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WTF is a head twitch?!

You may have noticed that a lot of basic psychedelic research revolves around this single assay: the head twitch response (HTR). The purpose of HTR has changed over the years, but most recently can be thought of as a tool for pharmacological characterization of psychedelic compounds. Dr. de la Fuente joined the corresponding episode to discuss his automation of the assay and what the f*** a head twitch really is.


HTR is a behavior noted in rodents in which the animal rapidly rotates the head side-to-side. HTR is mainly studied in rats and mice, but a similar behavioral phenotype described as “wet-dog shakes” has also been noted in other mammals including rabbits, dogs and cats. The first ever recorded drug-elicited HTR was noted following intravenous administration of the psychedelic lysergic acid diethylamide (LSD), in which this behavior was rapidly occurring and sustained. Following the initial discovery of the LSD-induced HTR, the same researchers elicited HTR with the serotonin precursor, 5-hydroxytryptophan (5-HTP), thus proposing the involvement of 5-HT in the behavior. It was later discovered that the 5-HT2 receptors and, specifically, 5-HT2ARs were responsible for psychedelic-induced HTR in rodents.


Work by Dr. de la Fuente and others have corroborated the findings that the psychedelic-elicited HTR can be blocked using 5-HT2AR antagonists such as ketanserin and volinanserin (M100907). HTR is undetected in mice with genetic deletion of 5-HT2AR and the behavior is able to be rescued using genetic tools to rescue expression of 5-HT2AR in frontal cortex pyramidal neurons. Analogous findings have been demonstrated in human subjects where ketanserin was found to prevent the subjective effects of psilocybin and LSD. The potencies of HTR in mice have been correlated with potency of psychedelic's in humans.


Interestingly, in the early to mid-20th century, psychedelic compounds were noted to produce effects similar to symptoms reported by schizophrenia patients and were used by clinical researches to understand the mechanisms underlying psychosis in patients with this and other psychiatric conditions. At first, HTR was thought to be a preclinical model of psychosis, but more recent findings have raised concerns about the translational validity. Despite this change in interpretation, this family of psychoactive compounds did provide key insights into the pathology of schizophrenia mainly through the involvement of serotonin. Additionally, classical psychedelics as a preclinical model of psychosis also served as a tool in the search for new antipsychotics.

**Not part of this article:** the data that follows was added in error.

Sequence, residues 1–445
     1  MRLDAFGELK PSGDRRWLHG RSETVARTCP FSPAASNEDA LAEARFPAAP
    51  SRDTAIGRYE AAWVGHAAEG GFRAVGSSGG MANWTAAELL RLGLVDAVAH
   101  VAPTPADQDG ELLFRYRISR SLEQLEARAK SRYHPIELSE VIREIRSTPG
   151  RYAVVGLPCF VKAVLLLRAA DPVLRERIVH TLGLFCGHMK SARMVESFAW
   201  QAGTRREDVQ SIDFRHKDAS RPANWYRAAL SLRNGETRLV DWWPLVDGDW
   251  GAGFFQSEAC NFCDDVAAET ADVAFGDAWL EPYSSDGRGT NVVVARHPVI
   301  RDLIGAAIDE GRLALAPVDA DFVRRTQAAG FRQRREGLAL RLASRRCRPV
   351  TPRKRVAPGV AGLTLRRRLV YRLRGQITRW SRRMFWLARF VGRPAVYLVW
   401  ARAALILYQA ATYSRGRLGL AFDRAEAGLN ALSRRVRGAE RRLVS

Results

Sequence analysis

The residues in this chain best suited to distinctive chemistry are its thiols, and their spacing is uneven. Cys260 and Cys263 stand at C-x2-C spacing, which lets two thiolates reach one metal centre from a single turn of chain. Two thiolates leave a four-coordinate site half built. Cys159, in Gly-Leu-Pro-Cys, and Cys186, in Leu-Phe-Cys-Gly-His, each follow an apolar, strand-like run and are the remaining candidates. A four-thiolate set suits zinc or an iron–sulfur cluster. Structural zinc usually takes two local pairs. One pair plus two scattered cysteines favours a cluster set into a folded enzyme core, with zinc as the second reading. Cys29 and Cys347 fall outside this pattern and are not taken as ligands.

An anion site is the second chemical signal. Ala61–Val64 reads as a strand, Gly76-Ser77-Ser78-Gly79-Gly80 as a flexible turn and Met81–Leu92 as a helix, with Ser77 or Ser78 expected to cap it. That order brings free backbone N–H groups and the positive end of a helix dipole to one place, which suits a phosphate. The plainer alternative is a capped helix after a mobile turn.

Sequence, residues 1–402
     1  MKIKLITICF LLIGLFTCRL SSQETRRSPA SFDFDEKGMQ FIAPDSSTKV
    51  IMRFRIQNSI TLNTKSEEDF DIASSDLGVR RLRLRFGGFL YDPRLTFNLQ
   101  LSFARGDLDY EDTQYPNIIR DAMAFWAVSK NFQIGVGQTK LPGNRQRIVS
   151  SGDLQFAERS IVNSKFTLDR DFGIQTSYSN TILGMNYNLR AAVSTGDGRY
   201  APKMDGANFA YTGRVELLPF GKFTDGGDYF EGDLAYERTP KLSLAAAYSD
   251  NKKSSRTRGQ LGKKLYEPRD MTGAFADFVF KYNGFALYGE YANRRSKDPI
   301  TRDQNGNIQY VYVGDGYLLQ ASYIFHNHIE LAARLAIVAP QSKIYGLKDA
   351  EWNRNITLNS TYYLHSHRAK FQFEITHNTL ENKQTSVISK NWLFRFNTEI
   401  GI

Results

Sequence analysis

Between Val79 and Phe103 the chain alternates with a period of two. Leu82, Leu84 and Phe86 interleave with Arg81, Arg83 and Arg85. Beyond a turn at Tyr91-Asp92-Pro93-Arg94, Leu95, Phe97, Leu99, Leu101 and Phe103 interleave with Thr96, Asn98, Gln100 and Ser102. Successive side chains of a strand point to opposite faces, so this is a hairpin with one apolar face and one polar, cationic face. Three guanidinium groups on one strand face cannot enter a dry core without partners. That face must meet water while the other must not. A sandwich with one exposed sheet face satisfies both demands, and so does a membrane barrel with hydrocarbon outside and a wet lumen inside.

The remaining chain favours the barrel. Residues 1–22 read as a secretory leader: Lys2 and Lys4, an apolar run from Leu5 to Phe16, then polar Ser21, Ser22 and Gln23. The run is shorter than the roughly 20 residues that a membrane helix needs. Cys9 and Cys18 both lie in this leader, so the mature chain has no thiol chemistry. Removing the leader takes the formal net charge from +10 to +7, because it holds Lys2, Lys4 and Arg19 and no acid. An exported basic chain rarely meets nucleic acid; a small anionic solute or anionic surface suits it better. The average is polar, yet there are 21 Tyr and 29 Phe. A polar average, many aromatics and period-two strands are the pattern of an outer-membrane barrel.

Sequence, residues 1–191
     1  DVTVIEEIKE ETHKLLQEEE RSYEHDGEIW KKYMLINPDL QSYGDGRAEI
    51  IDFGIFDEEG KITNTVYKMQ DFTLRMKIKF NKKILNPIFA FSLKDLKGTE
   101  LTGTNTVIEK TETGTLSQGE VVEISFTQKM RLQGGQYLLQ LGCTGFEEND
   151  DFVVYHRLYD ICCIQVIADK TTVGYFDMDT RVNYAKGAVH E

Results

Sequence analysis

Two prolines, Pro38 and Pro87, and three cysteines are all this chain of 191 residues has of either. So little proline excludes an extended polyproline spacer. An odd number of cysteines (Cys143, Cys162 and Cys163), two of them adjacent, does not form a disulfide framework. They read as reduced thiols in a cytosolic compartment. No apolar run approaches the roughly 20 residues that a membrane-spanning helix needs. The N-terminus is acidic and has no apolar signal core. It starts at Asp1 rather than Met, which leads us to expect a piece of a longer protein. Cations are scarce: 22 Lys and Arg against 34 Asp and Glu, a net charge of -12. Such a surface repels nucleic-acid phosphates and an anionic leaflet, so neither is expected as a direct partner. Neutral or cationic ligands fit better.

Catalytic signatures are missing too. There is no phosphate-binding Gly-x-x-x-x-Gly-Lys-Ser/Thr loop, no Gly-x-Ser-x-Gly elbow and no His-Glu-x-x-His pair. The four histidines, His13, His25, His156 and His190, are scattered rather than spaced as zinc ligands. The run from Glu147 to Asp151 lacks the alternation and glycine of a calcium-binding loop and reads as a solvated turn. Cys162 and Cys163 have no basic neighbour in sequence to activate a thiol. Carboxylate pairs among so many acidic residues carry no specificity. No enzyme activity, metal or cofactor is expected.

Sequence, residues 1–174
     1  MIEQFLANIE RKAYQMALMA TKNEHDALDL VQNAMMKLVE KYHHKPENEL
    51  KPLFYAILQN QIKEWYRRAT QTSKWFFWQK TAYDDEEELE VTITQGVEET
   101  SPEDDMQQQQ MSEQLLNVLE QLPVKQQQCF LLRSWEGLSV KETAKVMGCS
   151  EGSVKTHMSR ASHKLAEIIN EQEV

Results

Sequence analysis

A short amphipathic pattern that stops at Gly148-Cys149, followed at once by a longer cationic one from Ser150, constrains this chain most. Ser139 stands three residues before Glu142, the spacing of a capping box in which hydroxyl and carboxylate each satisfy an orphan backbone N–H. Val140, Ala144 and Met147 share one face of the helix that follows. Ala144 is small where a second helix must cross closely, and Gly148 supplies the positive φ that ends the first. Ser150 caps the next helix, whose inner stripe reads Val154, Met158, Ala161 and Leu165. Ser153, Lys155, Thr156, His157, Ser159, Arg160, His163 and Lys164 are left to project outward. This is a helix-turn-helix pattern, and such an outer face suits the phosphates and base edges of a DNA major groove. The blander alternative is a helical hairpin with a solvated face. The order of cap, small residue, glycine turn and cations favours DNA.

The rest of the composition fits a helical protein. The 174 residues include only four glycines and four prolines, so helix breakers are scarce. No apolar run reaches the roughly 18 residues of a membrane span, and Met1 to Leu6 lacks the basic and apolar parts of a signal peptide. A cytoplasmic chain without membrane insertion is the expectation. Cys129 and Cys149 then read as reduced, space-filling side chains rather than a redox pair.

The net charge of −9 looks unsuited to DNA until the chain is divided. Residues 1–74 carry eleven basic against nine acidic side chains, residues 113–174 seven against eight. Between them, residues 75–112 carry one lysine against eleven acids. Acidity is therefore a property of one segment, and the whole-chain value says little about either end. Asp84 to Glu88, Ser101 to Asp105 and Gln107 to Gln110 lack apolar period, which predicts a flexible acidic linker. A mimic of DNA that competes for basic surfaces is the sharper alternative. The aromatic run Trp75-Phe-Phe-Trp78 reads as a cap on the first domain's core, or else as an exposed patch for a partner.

Effects of classical psychedelics and other compounds on peak HTR response in mice. Lisuride and TBG both listed as examples of compounds that do not produce HTR. Data pulled from several studies (linked at the end of article).

With the rise of interest in understanding the targets and mechanisms behind the potential therapeutic effects of psychedelics in patients with psychiatric disorders such as depression and post-traumatic stress disorder (PTSD), the HTR behavior has become popularized as a functional tool to characterize psychedelic compounds and novel compounds. As discussed above, it is well established the involvement of 5-HT2AR in the behavioral and cognitive effects of psychedelics as it relates to HTR, but it is not clearly established as to whether the effects of psychedelics on neuroplasticity processes, which may underlie the positive therapeutic effects of psilocybin and other psychedelic compounds, are 5-HT2AR-dependent. The race to create the perfect compound is well underway and HTR is a tool that's been used extensively - automated or not - to determine their psychedelic effects.


Interested in reading some studies? We've linked a ton of good ones throughout the article and below. Feel free to comment or DM us if you need any of the PDFs!


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